“If I’m brutally honest with myself, if I’d completed my family and never had a girl I think I would have had a slight sense of loss. Probably for the very simple reason that I’m a girl and I imagined recreating lots of my favourite childhood memories with a daughter. Having said that, if my daughter had been a boy I can’t possibly imagine that I would have been disappointed with the reality – I just haven’t actually parented a son yet! I’m pretty sure if we’d had two boys we would stop and feel lucky with our family and not push for a daughter. One of my close friends was really upset when she found out she was having a son, and is trying very hard to have a second child – she’s actually going as far as trying to conceive early in her cycle to try and increase the likelihood of a daughter. In some ways I admire her for not beating around the bush – she’s always dreamt of having a daughter, but that doesn’t stop her adoring her son either.” (Anon)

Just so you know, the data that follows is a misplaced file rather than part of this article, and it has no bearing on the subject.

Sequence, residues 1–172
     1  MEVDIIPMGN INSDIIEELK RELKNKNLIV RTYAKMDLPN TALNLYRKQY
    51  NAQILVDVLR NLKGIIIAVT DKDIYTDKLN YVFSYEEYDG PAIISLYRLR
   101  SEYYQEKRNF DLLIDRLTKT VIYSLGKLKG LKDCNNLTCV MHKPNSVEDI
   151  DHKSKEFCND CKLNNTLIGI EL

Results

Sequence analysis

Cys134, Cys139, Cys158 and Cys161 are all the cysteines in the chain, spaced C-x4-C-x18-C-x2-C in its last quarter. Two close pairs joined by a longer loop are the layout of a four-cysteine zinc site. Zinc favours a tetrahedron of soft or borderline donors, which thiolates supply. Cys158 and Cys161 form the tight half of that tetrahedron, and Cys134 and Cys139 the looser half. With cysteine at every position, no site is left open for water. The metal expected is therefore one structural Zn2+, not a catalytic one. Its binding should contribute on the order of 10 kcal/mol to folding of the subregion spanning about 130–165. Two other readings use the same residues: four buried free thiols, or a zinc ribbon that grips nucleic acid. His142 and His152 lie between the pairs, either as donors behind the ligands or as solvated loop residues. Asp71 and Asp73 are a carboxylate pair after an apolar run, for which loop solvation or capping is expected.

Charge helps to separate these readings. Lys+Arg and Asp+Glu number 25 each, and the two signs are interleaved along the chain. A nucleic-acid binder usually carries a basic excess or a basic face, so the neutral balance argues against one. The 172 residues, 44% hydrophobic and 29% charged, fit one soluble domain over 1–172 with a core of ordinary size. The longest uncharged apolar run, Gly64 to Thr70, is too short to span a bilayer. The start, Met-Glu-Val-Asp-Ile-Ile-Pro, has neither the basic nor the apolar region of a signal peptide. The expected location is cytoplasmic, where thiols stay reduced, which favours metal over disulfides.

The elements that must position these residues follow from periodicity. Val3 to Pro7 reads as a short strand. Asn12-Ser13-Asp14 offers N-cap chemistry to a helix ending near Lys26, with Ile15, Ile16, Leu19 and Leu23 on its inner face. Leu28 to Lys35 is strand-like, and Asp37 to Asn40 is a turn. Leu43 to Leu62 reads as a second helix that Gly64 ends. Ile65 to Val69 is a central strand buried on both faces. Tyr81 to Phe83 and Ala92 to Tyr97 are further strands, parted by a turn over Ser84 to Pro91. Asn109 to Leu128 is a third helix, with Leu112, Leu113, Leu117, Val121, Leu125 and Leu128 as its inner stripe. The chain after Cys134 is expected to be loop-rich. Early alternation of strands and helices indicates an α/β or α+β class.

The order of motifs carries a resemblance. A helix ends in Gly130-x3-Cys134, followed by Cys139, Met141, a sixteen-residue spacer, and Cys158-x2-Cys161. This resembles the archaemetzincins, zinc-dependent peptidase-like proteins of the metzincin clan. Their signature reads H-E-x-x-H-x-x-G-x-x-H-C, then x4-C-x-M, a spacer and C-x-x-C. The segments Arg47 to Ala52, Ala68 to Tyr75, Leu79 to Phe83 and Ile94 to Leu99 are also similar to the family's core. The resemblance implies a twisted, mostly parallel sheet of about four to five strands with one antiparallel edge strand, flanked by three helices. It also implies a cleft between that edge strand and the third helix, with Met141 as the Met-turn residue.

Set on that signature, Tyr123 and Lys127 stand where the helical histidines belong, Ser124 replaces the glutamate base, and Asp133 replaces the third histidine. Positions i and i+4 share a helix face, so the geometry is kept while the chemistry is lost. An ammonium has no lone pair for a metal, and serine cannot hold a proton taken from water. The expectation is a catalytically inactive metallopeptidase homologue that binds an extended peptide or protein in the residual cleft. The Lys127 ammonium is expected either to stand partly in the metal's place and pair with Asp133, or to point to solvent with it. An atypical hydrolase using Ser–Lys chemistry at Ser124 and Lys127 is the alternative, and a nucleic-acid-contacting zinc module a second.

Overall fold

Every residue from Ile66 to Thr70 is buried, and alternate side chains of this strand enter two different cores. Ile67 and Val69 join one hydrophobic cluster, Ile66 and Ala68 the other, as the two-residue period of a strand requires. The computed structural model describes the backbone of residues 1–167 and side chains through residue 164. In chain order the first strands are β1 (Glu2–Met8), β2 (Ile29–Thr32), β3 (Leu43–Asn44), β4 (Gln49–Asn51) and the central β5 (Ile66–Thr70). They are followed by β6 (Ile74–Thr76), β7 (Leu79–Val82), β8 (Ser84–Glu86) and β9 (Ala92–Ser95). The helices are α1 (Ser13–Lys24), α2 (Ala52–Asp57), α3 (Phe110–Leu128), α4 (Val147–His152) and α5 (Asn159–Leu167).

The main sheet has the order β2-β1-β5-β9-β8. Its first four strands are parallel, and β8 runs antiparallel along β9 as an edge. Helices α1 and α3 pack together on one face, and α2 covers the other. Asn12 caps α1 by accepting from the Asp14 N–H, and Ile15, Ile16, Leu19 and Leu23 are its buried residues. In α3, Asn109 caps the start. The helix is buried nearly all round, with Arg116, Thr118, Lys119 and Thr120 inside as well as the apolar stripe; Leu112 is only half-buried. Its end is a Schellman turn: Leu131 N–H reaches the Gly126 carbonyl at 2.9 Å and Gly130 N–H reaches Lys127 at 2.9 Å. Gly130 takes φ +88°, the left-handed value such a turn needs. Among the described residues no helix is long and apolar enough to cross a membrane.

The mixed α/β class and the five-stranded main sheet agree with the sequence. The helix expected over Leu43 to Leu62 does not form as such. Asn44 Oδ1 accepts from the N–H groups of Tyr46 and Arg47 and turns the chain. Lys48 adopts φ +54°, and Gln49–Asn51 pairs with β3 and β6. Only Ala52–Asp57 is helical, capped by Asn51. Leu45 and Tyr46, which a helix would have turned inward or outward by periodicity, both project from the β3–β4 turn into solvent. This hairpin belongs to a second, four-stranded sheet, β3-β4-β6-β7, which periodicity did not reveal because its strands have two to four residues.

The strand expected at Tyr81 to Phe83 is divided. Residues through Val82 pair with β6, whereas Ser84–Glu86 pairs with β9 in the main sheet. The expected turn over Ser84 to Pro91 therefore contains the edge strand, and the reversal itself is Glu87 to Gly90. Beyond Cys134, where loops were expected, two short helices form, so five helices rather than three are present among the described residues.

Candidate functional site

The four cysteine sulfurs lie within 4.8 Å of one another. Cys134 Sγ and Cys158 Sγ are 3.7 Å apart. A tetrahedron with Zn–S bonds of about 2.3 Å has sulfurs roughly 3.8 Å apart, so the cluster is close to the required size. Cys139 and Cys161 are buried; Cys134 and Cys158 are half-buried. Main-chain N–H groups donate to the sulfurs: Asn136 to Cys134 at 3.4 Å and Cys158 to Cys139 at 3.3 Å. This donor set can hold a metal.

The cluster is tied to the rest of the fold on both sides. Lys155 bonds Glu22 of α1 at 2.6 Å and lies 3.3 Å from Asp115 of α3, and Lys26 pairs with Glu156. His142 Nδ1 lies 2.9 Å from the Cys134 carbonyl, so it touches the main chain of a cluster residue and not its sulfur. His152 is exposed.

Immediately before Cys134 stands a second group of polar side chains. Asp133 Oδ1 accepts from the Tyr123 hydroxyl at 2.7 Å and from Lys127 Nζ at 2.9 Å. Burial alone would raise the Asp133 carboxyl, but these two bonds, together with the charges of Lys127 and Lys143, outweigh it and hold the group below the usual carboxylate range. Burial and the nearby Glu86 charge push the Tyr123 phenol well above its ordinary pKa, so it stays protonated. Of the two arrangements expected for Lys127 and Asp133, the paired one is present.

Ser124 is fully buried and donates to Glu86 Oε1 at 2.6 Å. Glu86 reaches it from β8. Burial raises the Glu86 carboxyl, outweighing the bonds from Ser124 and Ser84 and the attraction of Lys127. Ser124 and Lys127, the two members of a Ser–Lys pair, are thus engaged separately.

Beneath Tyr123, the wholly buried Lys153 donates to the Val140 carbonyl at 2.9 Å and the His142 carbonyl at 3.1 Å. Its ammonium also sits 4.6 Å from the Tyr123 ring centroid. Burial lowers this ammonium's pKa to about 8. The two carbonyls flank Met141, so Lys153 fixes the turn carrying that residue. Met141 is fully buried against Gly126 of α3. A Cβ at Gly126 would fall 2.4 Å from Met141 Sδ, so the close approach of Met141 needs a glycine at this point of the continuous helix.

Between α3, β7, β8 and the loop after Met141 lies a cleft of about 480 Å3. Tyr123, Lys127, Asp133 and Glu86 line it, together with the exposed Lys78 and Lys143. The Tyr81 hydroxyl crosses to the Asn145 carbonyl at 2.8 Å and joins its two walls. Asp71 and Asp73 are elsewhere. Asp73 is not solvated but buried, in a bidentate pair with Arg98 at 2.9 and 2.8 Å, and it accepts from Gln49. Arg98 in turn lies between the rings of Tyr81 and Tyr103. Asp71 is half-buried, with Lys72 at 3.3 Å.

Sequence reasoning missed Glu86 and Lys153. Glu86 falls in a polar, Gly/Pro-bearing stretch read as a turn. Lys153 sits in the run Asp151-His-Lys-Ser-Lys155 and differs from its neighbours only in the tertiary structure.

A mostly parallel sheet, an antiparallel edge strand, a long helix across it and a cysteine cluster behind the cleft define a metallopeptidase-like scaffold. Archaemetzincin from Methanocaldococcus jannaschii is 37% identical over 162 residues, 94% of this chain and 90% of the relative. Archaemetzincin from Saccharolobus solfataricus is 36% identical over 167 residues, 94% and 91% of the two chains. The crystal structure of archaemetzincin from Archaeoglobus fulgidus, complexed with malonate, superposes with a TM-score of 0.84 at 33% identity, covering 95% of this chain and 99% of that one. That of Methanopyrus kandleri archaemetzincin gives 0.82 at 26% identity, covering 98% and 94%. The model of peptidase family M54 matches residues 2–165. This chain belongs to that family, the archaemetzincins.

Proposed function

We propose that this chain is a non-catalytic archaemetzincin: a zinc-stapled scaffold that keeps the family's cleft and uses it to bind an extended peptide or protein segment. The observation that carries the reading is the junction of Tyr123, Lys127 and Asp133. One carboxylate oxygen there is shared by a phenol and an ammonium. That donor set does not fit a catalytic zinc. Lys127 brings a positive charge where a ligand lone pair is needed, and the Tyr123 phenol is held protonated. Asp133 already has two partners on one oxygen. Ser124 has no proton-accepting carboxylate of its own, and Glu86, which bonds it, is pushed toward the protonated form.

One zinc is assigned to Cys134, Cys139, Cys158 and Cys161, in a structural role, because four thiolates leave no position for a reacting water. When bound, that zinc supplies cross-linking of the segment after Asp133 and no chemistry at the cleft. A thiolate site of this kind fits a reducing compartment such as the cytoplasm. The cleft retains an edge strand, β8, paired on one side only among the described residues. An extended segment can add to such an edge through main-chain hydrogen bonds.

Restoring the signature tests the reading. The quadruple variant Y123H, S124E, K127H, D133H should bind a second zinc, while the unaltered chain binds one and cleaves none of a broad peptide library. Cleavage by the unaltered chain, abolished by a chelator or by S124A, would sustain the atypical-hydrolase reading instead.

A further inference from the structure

“Gender disappointment is a thing and I was really cross to find myself having sad feelings when we found out my youngest was a girl. I soon snapped out of it literally within days but I think I was sad at losing the idea of having a boy rather than sadness that my daughter was a girl. I love having two girls. I think I wanted a boy because I was getting a lot of pressure from outside sources in the forms of “are you hoping it’s a boy?” “How lovely would it be to have one of each?” I’m one of five (four girls and one boy) and boys were idolised by my mother and she has ideas of fathers and sons. My husband is really close to his girls though so there is no regret now or a want to try for a boy. I think we have a girl preference now but we get a lot of ‘sympathy’ for not having one of each which is baffling.” (Anon)